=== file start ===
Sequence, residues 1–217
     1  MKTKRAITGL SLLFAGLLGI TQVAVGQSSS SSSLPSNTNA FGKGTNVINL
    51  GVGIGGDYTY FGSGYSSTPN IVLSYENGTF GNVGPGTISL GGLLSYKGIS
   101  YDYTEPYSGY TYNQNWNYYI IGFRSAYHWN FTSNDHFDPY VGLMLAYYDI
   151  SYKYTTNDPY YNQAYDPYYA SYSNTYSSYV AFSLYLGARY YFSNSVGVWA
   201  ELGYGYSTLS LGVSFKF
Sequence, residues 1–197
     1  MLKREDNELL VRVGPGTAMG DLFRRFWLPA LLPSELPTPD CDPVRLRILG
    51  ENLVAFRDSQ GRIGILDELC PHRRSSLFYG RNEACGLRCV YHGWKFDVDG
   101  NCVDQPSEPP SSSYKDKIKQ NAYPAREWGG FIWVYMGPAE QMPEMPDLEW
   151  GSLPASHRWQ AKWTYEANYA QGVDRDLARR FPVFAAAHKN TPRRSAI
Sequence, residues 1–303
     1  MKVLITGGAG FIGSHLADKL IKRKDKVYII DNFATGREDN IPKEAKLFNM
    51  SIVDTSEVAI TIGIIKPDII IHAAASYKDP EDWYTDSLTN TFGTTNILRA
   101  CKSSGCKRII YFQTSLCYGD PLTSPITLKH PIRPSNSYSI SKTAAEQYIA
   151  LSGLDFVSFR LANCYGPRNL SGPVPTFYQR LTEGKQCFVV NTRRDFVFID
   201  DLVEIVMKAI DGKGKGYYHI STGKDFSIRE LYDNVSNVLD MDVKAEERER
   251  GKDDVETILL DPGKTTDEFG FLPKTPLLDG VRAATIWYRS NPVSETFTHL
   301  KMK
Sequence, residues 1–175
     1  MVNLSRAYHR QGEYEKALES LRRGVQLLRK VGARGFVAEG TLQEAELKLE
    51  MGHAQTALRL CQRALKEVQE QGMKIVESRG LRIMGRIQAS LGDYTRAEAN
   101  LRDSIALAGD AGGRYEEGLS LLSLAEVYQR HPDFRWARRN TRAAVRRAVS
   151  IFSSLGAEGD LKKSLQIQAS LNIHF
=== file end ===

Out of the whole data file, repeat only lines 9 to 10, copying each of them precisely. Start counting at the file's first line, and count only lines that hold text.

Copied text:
    51  ENLVAFRDSQ GRIGILDELC PHRRSSLFYG RNEACGLRCV YHGWKFDVDG
   101  NCVDQPSEPP SSSYKDKIKQ NAYPAREWGG FIWVYMGPAE QMPEMPDLEW